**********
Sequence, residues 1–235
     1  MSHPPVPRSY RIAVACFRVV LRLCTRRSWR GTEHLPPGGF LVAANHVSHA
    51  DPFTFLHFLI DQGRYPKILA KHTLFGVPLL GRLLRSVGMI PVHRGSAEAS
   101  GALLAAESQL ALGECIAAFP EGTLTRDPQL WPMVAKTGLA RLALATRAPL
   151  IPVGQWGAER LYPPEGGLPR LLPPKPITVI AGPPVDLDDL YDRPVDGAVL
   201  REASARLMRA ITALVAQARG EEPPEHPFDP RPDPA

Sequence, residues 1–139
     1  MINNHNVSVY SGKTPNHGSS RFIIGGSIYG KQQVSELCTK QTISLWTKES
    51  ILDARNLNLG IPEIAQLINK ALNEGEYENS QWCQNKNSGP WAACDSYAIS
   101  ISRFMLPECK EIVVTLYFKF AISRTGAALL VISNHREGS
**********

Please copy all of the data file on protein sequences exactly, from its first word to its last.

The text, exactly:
Sequence, residues 1–235
     1  MSHPPVPRSY RIAVACFRVV LRLCTRRSWR GTEHLPPGGF LVAANHVSHA
    51  DPFTFLHFLI DQGRYPKILA KHTLFGVPLL GRLLRSVGMI PVHRGSAEAS
   101  GALLAAESQL ALGECIAAFP EGTLTRDPQL WPMVAKTGLA RLALATRAPL
   151  IPVGQWGAER LYPPEGGLPR LLPPKPITVI AGPPVDLDDL YDRPVDGAVL
   201  REASARLMRA ITALVAQARG EEPPEHPFDP RPDPA

Sequence, residues 1–139
     1  MINNHNVSVY SGKTPNHGSS RFIIGGSIYG KQQVSELCTK QTISLWTKES
    51  ILDARNLNLG IPEIAQLINK ALNEGEYENS QWCQNKNSGP WAACDSYAIS
   101  ISRFMLPECK EIVVTLYFKF AISRTGAALL VISNHREGS